Johann Strauss I: Radetzky March
Johann Strauss senior was a major figure in Viennese musical life – but nowadays, he’s not the Strauss most people remember.
While Strauss the elder wrote some popular tunes (not least this, his Radetzky March), it’s his first-born son, Johann Strauss II, who is revered as the ‘King of the Waltz’.
Like his son, Strauss senior made his living not just as a composer, but also as a conductor and violinist. He loved Vienna, having been born a stone’s throw from the famous River Danube, and he would regularly walk along the river as a child, enjoying performances from the wandering musicians who worked there.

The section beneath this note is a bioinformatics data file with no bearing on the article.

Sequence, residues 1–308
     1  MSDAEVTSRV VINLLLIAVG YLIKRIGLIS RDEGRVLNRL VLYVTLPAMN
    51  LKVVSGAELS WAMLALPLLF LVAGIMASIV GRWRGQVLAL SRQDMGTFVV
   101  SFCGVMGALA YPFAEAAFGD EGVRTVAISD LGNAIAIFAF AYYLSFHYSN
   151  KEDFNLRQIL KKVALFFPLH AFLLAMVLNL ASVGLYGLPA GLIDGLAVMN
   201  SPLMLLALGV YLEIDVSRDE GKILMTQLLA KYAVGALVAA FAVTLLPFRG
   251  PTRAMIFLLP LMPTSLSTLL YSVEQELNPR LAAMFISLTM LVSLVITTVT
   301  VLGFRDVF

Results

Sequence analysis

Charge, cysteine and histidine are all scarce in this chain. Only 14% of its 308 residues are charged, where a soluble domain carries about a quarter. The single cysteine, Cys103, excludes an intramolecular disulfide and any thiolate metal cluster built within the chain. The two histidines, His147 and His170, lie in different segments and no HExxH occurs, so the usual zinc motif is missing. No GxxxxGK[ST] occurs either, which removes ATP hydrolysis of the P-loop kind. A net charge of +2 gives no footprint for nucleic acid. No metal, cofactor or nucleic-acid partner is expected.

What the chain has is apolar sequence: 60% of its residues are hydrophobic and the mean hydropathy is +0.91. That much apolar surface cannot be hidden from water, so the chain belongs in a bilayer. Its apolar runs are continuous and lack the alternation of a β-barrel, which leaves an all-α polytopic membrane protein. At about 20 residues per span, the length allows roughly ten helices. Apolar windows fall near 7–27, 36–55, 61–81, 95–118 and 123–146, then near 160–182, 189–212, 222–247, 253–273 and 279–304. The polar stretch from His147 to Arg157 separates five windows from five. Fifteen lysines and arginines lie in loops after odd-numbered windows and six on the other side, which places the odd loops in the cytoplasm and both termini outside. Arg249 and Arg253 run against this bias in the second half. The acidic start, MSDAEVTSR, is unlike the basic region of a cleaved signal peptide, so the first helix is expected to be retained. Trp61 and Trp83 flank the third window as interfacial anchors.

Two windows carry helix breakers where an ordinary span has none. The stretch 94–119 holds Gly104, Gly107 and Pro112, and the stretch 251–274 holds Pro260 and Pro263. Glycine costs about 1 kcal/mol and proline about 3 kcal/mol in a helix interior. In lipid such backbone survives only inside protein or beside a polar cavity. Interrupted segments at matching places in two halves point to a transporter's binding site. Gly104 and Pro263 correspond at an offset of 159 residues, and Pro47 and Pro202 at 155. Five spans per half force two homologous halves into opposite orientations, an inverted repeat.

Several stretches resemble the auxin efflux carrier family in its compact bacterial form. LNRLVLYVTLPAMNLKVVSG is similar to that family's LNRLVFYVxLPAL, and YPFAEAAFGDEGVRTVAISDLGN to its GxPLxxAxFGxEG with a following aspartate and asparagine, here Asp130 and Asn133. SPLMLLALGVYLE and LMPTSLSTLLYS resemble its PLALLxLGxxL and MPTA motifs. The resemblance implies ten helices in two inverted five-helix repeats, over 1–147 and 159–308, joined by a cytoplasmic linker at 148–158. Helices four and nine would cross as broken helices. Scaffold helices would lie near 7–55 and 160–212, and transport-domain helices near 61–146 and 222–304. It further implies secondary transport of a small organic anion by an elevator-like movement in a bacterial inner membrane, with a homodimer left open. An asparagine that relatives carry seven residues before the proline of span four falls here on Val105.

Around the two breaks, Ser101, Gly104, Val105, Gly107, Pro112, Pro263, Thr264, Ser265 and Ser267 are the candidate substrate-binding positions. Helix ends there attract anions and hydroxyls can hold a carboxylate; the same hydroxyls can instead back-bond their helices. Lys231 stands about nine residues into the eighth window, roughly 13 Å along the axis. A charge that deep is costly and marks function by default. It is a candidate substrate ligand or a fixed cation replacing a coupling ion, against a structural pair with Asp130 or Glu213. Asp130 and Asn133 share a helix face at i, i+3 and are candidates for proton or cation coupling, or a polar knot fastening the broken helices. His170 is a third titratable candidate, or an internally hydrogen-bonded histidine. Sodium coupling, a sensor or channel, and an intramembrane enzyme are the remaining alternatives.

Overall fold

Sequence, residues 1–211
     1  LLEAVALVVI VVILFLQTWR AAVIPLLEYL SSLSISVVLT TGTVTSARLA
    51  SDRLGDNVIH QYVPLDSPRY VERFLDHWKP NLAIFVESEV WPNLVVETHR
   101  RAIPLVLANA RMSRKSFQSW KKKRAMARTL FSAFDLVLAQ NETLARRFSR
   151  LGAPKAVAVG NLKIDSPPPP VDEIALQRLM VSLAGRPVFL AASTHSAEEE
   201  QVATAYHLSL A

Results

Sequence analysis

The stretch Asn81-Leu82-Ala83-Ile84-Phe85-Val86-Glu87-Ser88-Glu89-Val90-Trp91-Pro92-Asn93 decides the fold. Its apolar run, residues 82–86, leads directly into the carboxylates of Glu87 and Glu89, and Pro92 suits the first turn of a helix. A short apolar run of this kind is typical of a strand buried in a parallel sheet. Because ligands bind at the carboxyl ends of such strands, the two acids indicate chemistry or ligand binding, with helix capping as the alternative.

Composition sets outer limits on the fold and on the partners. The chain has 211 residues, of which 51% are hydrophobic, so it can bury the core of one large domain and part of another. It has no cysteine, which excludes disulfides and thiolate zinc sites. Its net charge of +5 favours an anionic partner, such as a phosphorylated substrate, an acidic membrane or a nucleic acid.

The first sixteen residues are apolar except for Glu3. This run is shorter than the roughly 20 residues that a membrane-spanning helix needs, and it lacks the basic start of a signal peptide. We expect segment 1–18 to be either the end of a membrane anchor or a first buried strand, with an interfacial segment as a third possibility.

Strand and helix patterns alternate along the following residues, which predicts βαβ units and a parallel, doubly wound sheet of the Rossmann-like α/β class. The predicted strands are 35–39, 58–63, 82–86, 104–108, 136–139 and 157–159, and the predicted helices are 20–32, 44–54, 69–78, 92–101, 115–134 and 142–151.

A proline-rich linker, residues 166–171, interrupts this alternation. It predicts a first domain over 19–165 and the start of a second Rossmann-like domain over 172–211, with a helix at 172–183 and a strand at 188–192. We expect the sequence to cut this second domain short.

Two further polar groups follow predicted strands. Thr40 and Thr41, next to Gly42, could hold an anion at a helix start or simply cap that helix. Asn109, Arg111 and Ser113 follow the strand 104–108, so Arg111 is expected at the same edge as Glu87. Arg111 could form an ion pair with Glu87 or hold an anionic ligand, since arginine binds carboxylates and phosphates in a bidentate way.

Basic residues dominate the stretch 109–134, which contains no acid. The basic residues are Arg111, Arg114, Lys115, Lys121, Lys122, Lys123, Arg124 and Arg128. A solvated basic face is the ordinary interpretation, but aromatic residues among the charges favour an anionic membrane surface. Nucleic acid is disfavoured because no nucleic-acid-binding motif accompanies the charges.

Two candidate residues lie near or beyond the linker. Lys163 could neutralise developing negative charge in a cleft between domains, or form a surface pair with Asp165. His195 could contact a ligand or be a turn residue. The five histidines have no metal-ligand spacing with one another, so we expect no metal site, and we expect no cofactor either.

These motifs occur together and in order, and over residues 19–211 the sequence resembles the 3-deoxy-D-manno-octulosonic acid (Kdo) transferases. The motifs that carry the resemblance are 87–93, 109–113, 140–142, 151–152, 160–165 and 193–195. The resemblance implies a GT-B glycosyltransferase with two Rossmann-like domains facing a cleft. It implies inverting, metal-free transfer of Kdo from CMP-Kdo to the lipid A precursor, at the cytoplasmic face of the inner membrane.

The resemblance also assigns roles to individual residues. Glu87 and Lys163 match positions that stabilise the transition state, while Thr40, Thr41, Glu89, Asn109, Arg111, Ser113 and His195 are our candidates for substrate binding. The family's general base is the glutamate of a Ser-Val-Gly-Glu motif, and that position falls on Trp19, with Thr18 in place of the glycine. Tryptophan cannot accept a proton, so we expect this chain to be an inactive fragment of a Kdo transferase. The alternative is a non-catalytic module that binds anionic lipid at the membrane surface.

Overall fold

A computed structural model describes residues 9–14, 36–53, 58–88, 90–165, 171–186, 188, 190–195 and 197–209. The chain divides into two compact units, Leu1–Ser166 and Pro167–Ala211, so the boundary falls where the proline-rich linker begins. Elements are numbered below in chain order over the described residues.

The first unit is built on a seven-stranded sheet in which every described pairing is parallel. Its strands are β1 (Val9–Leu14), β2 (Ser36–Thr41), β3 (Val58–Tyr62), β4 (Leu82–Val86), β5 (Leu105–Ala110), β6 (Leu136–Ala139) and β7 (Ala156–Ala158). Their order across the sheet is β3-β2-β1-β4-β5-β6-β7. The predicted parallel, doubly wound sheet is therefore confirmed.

The Radetzky March was composed in 1848 and is so named because of its dedication to Field Marshal Radetzky, a senior member of the Austrian army who successfully led an assault in Italy that same year. Nowadays, the piece is rarely heard without incessant clapping over the top; it’s always played to end the famous New Year’s Day concert in Vienna, with the audience encouraged to applaud the arrival of another year.
There’s a bittersweet element to the piece: it was due to be premiered in the autumn of 1849, but Strauss strangely failed to turn up. His publisher later explained, "During the instrumentation of the march, Strauss became ill with scarlet fever and died three days later".
Vienna Philharmonic Orchestra; Carlos Kleiber (conductor). Sony: S3K 53385.